This essay won Resident Category third place in our second annual essay contest “Healthy and Happy doctors provide better care: define barriers and solutions to physician wellness.”
“The light in me salutes and honors the light within you.” My favorite yoga class always ends this way. There’s just something about having just spent the last 75 minutes stretching, contorting, flexing and most importantly breathing in a humidified 104 F room that makes that inner light shine a little brighter and is just what this doctor ordered for herself: a prescription for a well woman empowered to be a great physician.
When I first made the bold decision to switch paths in life to the one that would lead me to medicine, I knew that a large part of my practice would involve helping others. At its bare minimum being a doc is a being a problem solver…other people’s problems. However, to be effective one has to be right within oneself.
As physicians we are also purveyors of wellness. Those who are unwell come to us to get better whether that involves antibiotic treatment for a terrible cellulitis or mood stabilization for a lifetime plagued by bipolar disorder. We take our years of dedicated study, coupled with hours of on the job training, to make things right for someone we helped deliver into this world to a complete stranger we just met in the Emergency Room. In a profession that at its essence is about putting healthy energy out to others to heal, doctors must pay special mind to replenish themselves. The proverbial well “that has run dry” cannot quench anyone’s thirst.
I was rather surprised that little effort was made during medical school to ensure that we were taking proper care of ourselves. I thought it a great irony: here we are making a career based on the principles of and purporting wellness but were living lives that were anything but “well.” Night fueled by super caffeinated beverages, days run on sugar, and post-exam nights that could simply be described as bacchanalian were the norm. Some effort was made to teach us self-care. There was a weekly meeting that focused on mindfulness, which proved to be completely invaluable during those stressful exams. These sessions were not well attended because not enough emphasis has ever been placed on practitioner well-being. Regrettably too much focus was placed on scores and posters.
Taking time to refuel is essential to a successful career. We sometimes need to be reminded, in some cases taught, that self-care must be part of our daily practice because without it we are simply not the best, and we owe it to those who’ve entrusted us with their lives to be the best for them. Perhaps, because I have chosen the specific fields of psychiatry coupled with pediatrics, I have always been more aware of what can go so easily wrong when stress takes over our minds and then our bodies. I have seen first-hand adults lose the ability to speak because the brain was on overload and needed a break. Children who’ve become physically sick because they won’t stop…can’t stop. Theoretically, as very well educated adults, this should come naturally to us, but as most of us are over-achievers, classic type A, we rarely want to take the time to pause and check-in with ourselves.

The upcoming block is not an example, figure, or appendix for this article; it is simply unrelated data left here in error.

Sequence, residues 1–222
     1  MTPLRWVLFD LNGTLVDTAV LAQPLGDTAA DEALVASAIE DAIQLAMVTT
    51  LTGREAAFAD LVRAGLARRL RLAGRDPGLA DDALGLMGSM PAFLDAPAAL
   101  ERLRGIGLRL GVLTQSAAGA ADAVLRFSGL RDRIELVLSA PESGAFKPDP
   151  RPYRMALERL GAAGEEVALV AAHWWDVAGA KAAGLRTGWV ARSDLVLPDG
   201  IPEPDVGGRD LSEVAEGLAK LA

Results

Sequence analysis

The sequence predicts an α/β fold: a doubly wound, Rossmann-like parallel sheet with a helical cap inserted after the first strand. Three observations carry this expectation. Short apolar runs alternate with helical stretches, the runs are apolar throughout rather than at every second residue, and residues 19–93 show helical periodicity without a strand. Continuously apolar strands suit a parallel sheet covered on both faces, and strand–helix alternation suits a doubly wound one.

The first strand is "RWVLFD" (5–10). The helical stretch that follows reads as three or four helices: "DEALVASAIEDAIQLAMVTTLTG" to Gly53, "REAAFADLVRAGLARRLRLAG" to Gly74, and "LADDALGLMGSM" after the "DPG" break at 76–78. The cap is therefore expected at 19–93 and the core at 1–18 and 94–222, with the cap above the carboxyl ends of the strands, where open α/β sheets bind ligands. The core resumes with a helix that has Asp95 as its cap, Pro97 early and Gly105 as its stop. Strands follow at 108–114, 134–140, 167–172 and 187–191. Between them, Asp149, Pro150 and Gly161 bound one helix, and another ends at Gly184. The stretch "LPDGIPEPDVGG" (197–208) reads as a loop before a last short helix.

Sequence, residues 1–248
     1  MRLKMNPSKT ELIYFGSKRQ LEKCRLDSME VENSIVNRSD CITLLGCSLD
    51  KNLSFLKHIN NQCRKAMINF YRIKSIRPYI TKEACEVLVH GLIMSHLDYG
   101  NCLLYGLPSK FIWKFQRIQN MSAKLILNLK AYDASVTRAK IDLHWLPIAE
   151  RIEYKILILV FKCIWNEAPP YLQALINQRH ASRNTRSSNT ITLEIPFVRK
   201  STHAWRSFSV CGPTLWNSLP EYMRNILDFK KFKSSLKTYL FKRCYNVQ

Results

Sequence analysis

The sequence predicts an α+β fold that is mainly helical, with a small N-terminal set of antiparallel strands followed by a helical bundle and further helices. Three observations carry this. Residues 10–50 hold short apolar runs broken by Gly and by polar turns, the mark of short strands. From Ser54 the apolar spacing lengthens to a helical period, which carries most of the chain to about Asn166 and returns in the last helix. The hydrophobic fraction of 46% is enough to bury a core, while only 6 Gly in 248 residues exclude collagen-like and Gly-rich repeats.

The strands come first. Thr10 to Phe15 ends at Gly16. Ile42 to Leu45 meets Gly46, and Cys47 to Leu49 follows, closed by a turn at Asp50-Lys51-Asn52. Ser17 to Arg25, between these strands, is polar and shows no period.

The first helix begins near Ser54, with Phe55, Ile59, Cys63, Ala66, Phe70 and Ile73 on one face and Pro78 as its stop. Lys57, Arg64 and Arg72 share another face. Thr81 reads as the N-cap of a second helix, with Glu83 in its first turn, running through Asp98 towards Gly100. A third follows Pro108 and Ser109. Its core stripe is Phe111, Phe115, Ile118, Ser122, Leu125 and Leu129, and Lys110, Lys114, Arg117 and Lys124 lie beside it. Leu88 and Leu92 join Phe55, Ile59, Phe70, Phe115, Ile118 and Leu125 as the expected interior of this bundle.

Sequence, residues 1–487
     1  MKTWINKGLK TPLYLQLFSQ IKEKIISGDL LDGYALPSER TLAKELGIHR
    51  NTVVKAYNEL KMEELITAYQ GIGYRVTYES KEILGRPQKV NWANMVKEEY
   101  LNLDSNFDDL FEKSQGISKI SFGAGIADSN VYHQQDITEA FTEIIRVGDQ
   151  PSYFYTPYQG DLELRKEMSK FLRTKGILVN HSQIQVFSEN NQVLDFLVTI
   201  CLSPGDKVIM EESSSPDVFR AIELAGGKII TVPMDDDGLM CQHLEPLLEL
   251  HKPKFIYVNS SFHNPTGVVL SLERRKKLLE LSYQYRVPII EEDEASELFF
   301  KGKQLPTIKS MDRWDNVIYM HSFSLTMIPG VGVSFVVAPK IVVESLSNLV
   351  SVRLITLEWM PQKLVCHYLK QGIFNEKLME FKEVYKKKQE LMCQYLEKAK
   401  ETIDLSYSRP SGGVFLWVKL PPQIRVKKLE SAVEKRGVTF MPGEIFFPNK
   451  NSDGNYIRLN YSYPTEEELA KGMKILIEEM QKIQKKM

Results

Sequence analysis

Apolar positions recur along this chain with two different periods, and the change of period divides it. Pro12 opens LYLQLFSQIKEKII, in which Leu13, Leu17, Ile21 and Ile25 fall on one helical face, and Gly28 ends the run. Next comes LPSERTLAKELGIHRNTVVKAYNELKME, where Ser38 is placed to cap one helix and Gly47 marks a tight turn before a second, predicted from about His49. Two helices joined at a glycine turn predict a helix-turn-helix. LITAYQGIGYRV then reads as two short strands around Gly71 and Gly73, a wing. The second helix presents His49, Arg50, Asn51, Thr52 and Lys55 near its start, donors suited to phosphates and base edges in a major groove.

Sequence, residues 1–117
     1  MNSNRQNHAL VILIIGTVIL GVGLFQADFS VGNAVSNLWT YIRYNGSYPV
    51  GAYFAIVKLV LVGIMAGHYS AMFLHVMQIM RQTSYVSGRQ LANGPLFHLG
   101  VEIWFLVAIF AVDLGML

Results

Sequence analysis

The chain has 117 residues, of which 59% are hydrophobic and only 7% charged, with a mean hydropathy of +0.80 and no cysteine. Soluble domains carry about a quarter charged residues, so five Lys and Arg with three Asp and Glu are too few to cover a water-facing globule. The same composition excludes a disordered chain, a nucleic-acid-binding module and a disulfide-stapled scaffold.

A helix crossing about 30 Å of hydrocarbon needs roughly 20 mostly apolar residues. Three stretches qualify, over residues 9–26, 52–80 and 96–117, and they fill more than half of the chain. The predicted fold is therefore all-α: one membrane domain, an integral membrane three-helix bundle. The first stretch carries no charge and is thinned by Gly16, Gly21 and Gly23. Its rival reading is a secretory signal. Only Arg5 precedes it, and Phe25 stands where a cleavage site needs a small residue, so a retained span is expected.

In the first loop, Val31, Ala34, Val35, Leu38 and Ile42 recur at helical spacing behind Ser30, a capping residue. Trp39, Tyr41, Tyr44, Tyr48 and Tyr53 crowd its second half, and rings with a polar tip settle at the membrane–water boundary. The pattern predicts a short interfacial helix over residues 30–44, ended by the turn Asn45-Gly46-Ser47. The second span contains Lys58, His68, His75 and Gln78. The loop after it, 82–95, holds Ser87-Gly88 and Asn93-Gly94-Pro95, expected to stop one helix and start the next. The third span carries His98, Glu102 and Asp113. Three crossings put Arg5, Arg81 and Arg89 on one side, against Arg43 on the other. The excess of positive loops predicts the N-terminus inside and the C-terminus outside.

Having just started my intern year, I keep hearing tales of the dreaded “intern 30” similar to that awful “freshman 15.” However, the later was to supposedly come from excessive beer intake and high sodium containing dorm food. I wondered how this could be. What are we doing to ourselves? How can we possibly expect ourselves to work 80 weeks without proper fuel…physically and emotionally? And therein lies the problem. Without sounding like I am waiting for doomsday to arrive, why spend years, thousands of dollars, missed weddings and birthdays to have a degree and then embark on a career that will so easily fall to pieces if we are not constantly refilling the foundation?
Step one to a solution is awareness. I hear stories of my predecessors where their work was so consuming that hours, days, weeks, and years blended into one. We are fortunate that we are training in a time where there are limitations. Because of the boundaries that were created for us, we are able to have “lives.” It is imperative that we remember this. We do have moments that can best be utilized not in reading another journal article, but in mediation, taking a walk, having a telephone conversation with a loved one…whatever it takes to make us feel whole again.
Many of us feel the need to present an infallible front; we’re doctors after all. Ah, yes, but we are human too. Like Shylock, Shakespeare’s great villain cries, “If you prick us, do we not bleed?” Indeed, we do. If our lights have burned out, how can we be the sparks some of our patients so desperately require? I ask that you remember to take time for yourself to see that you are physically and mentally well so that you may continue to provide the best care for both you and your patients.
The light in me salutes and honors the lights in all of you, my fellow physicians.
About the Author
Dr. Rebecca Ba’Gah is originally from Los Angeles, CA where she attended UCLA’s school of Theater, Film and Television and she spent many years in show business. She eventually found true fulfillment in medicine. She recently moved to Lexington for residency at UK in Pediatrics, Psychiatry, and Child and Adolescent Psychiatry. She hopes to one day be a part of Médecins Sans Frontières and continue to change the public perception of mental illness.